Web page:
Klaus Mäkelä continues his exploration of Shostakovich's symphonies with the fourth, a hugely ambitious work scored for an enormous orchestra. In the first of several appearances in Oslo in September, Patricia Kopatchinskaya performs Robert Schumann's Violin Concerto.
Robert Schumann wrote his Violin Concerto in the autumn of 1853 for his close friend Joseph Joachim, who was the 19th century’s most influential violinist. Schumann was admitted into a mental hospital shortly afterwards and Joachim believed that the concerto bore the marks of his illness. After Schumann’s death in 1856, he suggested that it not be performed for 100 years, something which the composer’s widow, Clara, agreed with. The music, therefore, was a well-kept secret, but it didn’t stay that way for that long. It premiered in Berlin in 1937 and since then it has been performed in concert halls regularly.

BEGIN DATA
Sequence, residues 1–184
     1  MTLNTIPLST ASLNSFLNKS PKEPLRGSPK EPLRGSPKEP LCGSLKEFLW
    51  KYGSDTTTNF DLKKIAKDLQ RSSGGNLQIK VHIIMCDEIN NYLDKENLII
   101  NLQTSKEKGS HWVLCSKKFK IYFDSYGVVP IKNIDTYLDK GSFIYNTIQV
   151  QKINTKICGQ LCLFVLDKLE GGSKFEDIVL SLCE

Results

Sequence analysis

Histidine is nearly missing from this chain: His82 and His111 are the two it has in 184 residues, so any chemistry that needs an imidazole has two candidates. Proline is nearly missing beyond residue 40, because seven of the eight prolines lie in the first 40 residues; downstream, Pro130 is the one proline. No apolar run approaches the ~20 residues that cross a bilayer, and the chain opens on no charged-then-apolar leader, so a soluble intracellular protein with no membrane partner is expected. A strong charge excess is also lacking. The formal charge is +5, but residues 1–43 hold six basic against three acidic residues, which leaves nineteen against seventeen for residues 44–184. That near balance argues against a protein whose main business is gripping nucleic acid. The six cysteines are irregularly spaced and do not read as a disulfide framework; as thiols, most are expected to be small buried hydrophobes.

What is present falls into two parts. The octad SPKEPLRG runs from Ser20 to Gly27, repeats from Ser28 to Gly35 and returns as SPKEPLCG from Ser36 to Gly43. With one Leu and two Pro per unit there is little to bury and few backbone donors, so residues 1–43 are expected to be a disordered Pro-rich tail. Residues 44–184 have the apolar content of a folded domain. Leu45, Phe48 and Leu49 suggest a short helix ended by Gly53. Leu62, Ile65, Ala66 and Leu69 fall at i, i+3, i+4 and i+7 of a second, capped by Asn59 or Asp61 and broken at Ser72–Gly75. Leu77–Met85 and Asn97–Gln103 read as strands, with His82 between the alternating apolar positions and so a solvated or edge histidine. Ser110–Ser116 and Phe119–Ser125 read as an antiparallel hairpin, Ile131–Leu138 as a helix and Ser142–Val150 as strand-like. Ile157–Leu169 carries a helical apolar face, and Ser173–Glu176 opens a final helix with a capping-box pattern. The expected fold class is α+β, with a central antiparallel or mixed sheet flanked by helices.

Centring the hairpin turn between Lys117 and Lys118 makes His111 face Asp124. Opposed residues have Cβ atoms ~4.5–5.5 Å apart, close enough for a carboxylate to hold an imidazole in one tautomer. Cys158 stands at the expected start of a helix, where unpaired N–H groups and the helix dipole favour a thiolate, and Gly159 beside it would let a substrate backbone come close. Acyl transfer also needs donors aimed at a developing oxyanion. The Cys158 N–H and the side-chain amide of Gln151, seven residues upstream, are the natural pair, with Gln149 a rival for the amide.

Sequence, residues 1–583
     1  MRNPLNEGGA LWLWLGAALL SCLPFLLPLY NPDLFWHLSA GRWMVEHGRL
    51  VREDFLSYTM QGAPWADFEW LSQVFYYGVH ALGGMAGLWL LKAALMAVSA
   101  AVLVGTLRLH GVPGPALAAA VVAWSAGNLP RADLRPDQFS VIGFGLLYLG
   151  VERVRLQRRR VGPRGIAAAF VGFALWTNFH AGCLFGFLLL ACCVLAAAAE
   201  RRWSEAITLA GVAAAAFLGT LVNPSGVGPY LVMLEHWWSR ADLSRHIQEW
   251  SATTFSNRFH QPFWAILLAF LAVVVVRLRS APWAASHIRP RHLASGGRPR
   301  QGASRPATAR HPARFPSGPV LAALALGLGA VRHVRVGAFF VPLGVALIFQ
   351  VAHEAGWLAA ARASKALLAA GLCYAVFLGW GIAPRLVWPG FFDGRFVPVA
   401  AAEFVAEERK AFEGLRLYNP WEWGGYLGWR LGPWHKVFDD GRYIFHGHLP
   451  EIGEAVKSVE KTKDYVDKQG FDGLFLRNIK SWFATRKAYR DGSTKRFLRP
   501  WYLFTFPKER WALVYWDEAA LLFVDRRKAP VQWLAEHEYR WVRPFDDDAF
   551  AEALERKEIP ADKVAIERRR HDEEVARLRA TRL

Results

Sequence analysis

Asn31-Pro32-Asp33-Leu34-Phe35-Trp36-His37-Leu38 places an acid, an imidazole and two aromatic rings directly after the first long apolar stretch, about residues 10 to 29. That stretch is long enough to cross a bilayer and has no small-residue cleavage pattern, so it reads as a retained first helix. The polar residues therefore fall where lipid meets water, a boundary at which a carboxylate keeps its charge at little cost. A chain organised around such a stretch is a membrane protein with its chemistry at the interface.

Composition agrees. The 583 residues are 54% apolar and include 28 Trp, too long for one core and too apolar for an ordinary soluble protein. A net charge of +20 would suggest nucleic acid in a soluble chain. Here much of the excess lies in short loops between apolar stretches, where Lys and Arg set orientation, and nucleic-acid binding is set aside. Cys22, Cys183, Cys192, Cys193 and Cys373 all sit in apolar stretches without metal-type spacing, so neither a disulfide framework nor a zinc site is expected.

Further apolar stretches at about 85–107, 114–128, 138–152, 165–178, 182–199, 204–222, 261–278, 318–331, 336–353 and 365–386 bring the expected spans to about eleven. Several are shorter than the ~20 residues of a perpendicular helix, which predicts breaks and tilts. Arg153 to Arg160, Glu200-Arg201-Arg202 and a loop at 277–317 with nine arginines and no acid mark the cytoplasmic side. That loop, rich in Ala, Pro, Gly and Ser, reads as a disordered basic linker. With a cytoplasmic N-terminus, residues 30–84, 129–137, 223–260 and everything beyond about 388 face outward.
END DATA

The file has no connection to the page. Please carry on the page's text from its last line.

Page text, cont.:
Dmitri Shostakovich broke through as a composer with his first symphony in 1926, only 19 years old. His career subsequently continued to take off internationally as well as at home in the Soviet Union. In 1935 he began his most ambitious symphony project to date, his fourth symphony. Shostakovich had studied Gustav Mahler’s Symphony No. 7 thoroughly and put together a symphony that was longer than his three previous ones and was for a larger orchestra.
While he was working on it, none other than Joseph Stalin himself attended one of his operas. It didn’t go particularly well. A few days later a powerful attack against Shostakovich appeared in print in the Communist newspaper Pravda. This marked the beginning of a nightmare for him which, among other things, meant that his Symphony No. 4 could not be performed. It was not until 1961, many years after Stalin’s death, that the time was right for its premiere in Moscow and this met with great success.
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- Child: 150 NOK
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